When you set out to start learning web development, it can be overwhelming. You might ask yourself a few questioning:
- Is it possible to learn on your own
- Where should you start
- Backend or front-end development
Google "how to learn web development," and the number of results can become terrifying.
Or worst, you decided to enroll in the first result (an Ad) from whatever bootcamp or course outbid the field.
That would be a mistake!
That's not to say that said bootcamp or course wouldn't be a good choice, but you want to consider your options. Also, base Your decision on the learning environment best suited for you.
Don't choose the first resource you see without having a plan.
Start with a small list of resources to see more progress in learning web development.
We've established there's no shortage of resources out there. It may not be encouraging if we can't decide on the "best" options. Starting with a shortlist of core resources can prevent this.
Starting with this limited list will prevent bouncing between resources, streamlining your progress.
In my experience, learning web development isn't a linear process. Yes, there are a core set of skills needed to become a web developer. But we handle information in different ways. Streamlining your path as much as possible at the beginning can limit straying.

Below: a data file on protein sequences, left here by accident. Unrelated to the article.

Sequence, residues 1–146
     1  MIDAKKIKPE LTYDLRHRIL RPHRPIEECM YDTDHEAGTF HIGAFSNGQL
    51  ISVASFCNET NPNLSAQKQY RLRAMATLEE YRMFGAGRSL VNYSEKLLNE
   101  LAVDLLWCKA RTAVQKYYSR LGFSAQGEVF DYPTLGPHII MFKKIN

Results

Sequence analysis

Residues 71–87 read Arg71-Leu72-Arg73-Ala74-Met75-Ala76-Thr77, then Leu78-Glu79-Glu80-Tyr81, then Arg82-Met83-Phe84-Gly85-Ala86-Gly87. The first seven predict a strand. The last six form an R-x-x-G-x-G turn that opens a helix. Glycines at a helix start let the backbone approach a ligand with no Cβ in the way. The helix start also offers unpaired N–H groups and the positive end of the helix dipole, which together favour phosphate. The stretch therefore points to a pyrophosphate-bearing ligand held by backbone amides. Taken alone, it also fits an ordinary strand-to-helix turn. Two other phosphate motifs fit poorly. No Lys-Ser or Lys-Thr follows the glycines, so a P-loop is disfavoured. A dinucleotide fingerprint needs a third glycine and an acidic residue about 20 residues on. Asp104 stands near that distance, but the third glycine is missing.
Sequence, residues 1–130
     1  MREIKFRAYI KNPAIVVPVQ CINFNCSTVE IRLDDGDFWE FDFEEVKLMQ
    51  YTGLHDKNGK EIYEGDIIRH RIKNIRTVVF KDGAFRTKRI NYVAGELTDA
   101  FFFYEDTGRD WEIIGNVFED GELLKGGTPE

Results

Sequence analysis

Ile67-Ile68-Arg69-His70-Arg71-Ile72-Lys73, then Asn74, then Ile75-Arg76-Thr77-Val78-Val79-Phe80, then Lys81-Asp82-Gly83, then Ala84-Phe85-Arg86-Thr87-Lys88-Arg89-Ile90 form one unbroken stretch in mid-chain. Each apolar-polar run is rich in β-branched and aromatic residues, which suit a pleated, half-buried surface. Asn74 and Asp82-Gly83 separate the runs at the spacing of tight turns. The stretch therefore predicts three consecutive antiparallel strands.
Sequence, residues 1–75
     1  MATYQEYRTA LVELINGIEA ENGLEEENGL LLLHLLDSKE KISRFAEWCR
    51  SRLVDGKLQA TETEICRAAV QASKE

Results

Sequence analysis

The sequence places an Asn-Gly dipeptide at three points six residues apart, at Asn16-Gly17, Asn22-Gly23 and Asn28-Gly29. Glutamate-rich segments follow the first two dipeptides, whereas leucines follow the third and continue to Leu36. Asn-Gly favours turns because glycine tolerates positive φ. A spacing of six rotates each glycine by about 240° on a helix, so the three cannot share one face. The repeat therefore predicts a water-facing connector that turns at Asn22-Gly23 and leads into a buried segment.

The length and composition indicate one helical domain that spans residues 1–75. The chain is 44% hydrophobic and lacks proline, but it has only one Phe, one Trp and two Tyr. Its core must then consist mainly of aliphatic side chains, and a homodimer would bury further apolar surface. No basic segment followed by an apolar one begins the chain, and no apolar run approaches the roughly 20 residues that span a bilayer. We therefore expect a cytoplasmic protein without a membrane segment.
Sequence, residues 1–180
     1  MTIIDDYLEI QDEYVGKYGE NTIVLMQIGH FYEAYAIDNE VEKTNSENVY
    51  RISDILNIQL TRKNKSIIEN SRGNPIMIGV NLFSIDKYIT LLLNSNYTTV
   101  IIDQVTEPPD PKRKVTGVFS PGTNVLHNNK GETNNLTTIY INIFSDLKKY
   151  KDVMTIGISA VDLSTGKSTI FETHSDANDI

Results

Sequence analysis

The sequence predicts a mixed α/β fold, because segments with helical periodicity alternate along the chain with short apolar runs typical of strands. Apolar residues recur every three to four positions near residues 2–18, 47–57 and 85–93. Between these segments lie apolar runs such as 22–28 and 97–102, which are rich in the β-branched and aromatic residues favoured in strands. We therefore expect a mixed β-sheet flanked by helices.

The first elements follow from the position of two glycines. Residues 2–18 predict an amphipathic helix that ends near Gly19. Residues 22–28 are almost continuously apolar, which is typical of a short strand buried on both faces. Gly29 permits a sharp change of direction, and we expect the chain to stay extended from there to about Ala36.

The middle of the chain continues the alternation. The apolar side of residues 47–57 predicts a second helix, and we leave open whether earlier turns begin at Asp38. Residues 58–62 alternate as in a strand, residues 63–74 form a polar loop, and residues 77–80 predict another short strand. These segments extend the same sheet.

How do You Start Forming Your List?
Find what kind of web development appeals most to you, being a front-end developer or back-end developer.
Research skill requirements of each role.
Take your list of needed skills and look for courses or resources to learn those techniques.
freeCodeCamp is popular in the web development community. It labels itself as "a nonprofit community that helps you learn to code by building projects."
The program consists of interactive topic-based modules—each one starting with the basics.
Want to learn front-end development? The Responsive Web Design Certification is a great place to start. The module begins with the basics of HTML and HTML5 and works through CSS.
The program shines through its certification system. freeCodeCamp is not the first online learning platform to grant certificates. Completing project challenges earn the certificates at the end of each module. There's no substitution for building your projects; more on that later.